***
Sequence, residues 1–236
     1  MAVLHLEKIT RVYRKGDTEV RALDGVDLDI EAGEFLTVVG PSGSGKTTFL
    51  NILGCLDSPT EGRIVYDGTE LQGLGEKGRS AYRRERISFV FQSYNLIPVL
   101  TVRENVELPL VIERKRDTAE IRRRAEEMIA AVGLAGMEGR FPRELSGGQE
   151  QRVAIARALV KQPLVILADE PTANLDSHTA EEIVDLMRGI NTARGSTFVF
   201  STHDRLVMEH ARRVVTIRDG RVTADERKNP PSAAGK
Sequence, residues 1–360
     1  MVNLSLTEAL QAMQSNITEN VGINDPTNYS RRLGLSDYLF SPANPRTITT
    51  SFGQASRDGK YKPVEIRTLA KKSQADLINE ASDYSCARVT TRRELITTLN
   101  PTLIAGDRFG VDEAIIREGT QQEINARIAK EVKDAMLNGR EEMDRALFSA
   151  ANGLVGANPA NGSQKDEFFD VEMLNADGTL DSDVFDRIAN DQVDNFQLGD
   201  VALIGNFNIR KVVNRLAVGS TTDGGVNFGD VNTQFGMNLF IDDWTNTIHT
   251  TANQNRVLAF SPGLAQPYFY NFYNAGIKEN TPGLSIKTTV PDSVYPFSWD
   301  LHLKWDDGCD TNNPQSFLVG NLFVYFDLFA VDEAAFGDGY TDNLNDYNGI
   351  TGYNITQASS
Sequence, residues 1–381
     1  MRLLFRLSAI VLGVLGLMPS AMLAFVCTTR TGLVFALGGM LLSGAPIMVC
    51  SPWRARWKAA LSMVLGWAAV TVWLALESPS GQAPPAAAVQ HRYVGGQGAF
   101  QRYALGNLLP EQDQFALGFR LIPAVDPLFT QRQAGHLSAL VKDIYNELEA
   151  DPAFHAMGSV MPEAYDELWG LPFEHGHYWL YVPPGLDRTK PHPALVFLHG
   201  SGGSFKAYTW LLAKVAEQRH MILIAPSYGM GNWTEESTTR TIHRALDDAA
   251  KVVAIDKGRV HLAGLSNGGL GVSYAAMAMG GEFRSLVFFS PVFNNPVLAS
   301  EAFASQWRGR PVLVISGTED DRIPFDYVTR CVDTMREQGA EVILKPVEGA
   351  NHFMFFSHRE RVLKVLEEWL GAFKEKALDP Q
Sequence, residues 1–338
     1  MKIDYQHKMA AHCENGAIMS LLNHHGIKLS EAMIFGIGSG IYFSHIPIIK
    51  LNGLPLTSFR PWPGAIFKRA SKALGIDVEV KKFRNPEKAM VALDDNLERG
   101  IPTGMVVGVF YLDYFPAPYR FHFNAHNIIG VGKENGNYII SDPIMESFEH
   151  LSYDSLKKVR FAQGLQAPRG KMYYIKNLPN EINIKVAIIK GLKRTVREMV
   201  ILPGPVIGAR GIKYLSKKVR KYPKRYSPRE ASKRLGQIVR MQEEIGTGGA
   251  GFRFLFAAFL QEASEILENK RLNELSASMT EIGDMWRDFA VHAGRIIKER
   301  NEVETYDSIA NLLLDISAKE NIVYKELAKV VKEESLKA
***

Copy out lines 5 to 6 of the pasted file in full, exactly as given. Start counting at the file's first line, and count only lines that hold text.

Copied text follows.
   151  QRVAIARALV KQPLVILADE PTANLDSHTA EEIVDLMRGI NTARGSTFVF
   201  STHDRLVMEH ARRVVTIRDG RVTADERKNP PSAAGK